BACTERIA in the rumen have what kind of O2 needs?Anaerobic
How do BACTERIA in the rumen get grouped?By fxn (cellulolytic, amylolytic, methanogenic, etc)
Three main groups of microbes in rumen?Bacteria, protozoa, fungi
What is necessary for colonization via protozoa?Need contact w/ other ruminants
How much of the microbial biomass is protozoa?Half
What do the protozoa provide? Are they essential for host’s survival?Essential protein, but they aren’t essential for survival
How do microbes access the plant matter in the rumen?Need to enter through pores or cut ends for fermentation to begin
What part of the microbe contains the enzymes (to get into plant material)?It’s part of their outer membrane
After microbes start to break down starch (rare) & cellulose/hemicellulose/pectin (have the beta-linkages) what is the product?Fructose 1-6-bis-P (phosphate)
How is Fructose 1-6-bis-P transformed into the next step, what is the (main) product?Microbes absorb fructose 1-6-bis-P bact get 2 ATP + NADH2 w/ product PYRUVATE
Can the microbes do an electron transport chain?No, that would require O2 & they’re in an anaerobic environment
What is pyruvate broken down into the MOST? What are the waste products of this & why do we care about the products?ACETATE (60-70%) w/ end products of ATP & 2 CO2 which the bacteria use (ATP for energy & CO2 to regenerate stuff/ make methane, so methane+CO2= need ructus)
What are the other 2 products (not acetate) of microbes breaking down pyruvate? What do the end products do?Propionate & butyrate, whose end products allow (NADH2 → NAD)
What happens after pyruvate is converted into lactate? Possible probs?Usually it is further converted into propionate & acetate, however if it stays at lactate it can be a problem
How is the methane formed?CO2 is converted into it
What is the method/cycle the microbes use to create energy & products?Glucolytic cycle
Does the host benefit from the ATP products of the glucolytic paths?Nope, they’re just waiting for the end products
What are the things the host is waiting for to absorb for its use?The acetate, propionate & butyrate (VFAs)
What is the host's main protein source?The microbes themselves
How much of the host's energy requirements are supplied by the VFAs? (%)**60-80% !!
How does the microbe get ATP in the fermentation process?Fermentation yields ATP via main acetate pathway
What can the bacteria use the ATP produced in the acetate pathway to do?Regenerate reduced co-factors (NADH2 → NAD+) via propionate & butyrate to keep pathways open
What is the waste product of the acetate path?CO2
How & why is CO2 converted to methane? Downside?Methanogenic bacteria convert it, it helps regenerate more cofactors. However, methane is a big energy loss :(
How are VFAs absorbed? What does it require? (2 ways)Absorbed as free acids (has H attached to it) = lipophilic, which requires a ↓ rumen pH (~4.8) (cell exchanges an inside hydrogen for an outside sodium to keep absorbing cell's pH neutral.) OR in ionized form & probably exchanges a bicarb for it (with bicarb/VFA exchanger)
Healthy rumen pH?5.5-6.8 (slightly acidic)
What is involved in buffering the pH of the rumen?↑ in VFAs will ↓ pH → saliva & bicarb secretion via rumen wall neutralize
Which is fermented faster, soluble carbs or structural carbs?Soluble.
Why would you want to feed more soluble carbs? Why not?Yes bc more energy so good production system, No bc causes rapid acid ↑ challenges buffering ability, will suppress bact populations = possible acidosis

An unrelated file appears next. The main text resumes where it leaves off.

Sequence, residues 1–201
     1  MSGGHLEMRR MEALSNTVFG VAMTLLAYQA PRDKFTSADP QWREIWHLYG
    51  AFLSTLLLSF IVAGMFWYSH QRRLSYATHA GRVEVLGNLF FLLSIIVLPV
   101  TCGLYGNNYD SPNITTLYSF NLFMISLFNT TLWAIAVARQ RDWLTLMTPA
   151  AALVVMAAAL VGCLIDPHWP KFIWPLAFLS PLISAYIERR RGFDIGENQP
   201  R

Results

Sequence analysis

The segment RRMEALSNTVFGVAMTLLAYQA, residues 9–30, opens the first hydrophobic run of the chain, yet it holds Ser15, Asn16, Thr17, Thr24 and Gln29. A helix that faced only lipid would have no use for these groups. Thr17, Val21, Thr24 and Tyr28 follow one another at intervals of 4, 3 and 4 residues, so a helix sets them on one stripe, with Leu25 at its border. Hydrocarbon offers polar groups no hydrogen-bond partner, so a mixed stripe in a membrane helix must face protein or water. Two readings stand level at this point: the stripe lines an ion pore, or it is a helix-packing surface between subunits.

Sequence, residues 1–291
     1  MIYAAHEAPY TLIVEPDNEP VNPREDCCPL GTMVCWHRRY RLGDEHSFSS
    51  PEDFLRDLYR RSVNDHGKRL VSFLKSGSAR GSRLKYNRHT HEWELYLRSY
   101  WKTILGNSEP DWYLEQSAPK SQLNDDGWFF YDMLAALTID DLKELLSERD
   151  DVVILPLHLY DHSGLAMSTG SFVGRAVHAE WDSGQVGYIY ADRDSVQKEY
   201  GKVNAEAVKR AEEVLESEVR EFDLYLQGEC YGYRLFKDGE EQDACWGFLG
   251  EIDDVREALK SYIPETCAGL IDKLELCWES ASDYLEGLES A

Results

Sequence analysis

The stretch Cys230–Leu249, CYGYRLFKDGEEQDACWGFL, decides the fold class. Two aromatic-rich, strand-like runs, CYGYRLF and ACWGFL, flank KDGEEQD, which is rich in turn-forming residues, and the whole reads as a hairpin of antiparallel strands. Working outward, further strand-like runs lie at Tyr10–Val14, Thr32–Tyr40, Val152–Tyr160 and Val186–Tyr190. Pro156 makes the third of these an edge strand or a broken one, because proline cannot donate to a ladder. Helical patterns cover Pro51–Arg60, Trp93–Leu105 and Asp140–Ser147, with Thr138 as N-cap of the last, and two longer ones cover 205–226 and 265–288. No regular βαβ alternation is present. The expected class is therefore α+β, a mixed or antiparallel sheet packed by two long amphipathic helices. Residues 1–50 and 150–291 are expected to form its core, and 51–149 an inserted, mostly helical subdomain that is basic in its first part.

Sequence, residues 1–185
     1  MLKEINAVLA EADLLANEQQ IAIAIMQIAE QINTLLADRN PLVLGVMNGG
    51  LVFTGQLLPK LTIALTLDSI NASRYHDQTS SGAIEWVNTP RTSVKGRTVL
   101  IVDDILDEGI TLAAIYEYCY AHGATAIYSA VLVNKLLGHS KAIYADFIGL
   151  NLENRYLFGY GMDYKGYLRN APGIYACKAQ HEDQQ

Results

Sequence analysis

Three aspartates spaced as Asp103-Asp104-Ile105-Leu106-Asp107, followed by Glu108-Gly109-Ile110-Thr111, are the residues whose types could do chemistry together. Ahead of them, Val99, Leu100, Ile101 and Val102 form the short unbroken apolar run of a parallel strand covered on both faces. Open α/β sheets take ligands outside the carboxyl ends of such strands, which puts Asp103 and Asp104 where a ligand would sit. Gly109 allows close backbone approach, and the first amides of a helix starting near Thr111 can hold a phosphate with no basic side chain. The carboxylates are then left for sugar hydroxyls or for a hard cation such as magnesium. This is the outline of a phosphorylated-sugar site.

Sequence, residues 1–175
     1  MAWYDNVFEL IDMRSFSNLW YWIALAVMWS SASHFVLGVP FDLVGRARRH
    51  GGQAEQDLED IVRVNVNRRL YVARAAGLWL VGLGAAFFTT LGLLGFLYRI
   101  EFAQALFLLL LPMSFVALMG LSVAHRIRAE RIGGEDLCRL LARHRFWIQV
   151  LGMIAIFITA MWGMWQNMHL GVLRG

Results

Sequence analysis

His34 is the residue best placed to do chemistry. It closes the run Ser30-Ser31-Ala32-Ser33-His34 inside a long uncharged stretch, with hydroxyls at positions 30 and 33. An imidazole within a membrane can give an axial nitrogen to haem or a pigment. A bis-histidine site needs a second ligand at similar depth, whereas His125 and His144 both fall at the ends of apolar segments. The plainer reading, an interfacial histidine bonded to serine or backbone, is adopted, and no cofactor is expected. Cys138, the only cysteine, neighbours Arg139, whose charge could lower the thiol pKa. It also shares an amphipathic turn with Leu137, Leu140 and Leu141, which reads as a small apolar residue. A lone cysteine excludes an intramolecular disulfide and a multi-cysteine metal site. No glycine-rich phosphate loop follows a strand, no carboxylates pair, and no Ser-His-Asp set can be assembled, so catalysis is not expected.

What are proteins fermented into?By microbes into NH3 & VFAs
How do microbes synthesize proteins?They need a carbon skeleton (VFAs), a nitrogen source & ATP.
What are sources of nitrogen for microbes? (2)(1) Ammonia from proteolysis (LIMITED in natural diet)
(2) Non-protein nitrogen (NPN) aka urea, nitrates
Essentially how do microbes make proteins?Reverse process of breaking down proteins
What is the bottle-neck point of the microbes?Getting enough nitrogen.
How are NPNs (non-protein nitrogen) supplied? (2)(1) Dietary supplementation (ppl feed them chicken urine/feces → UREA) (2) Naturally via rumeno-hepatic nitrogen re-cycling
What is urea & where is it formed? From what?Waste product of protein catabolism, formed in the LIVER from catabolism of endogenous amino acids (mm tissue) & ammonia absorption from rumen & Lg intestines
What happens if ruminal NH3 conc is ↓?Urea is secreted directly or via saliva into rumen for bact. growth...this is RUMINO-HEPATIC nitrogen recycling
What is rumino-hepatic nitrogen recycling?Urea is secreted directly or via saliva into rumen for bact. growth
What happens if ruminal NH3 is ↑?Urea is excreted via kidneys
What organ is most sensitive to urea (ammonia)?Brain
What do ruminants depend on to cover their protein requirements?Digesting microbes flushed from rumen into rest of GI
How does a cow get rumen acidosis?Imbalance b/t VFA production & buffering capacity, eg sudden ingestion of highly digestible carbs (↑ VFA, ↓ salivation+rumination, ↓ pH)
What is the pH of "no return" for acidosis?pH of <5.5
What happens when the pH <5.5? (pathology of it)VFAs go from ionic to free state, are then readily absorbed, intracellular pH is at 7 so those free acids disassociate back to ionic form, Na/H exchanger is overloaded, intracellular pH drops, that inhibits the Na/K pump, more H & Na accumulate, water total, edema & ↓ pH kills cell
What happens to the lactate process when pH <5.5?↓ pH favors lactate producers & inhibits fermentation to VFAs, lactic acid not absorbed well, pH continues to drop, osmolality ↑, water enters rumen.
Final results of acidosis?Damage to epithelium, barrier fxn & absorption impaired, systemic infxns, metabolic acidosis, ruminal stasis (motility of rumen run by vagus, which is driven by receptors which are driven by pH (inhibited in acidity) & distension (overextension is inhibited) ), dehydration, renal failure, shock, death
What do you find upon meat inspection w/ CHRONIC acidosis?Liver abscesses (rumenitis → bact → filtered by liver) & highly keratinized epithelium of foregut
How to prevent chronic acidosis?More structural carbs & COARSE concentrates
How to treat ACUTE acidosis?Remove content as soon as you can, give buffer per os, ↑ level antibiotics, transfer rumen fluid from healthy animal to the sick one
What’s special about the HOATZIN?Eats leaves! Like a browsing herbivore. Its the "ruminant of the avian world" its crop is HUGE (can impair flying) & is used for fermenting. "Stink birds" bc of manure smell they have. Chicks have 2 claws on wings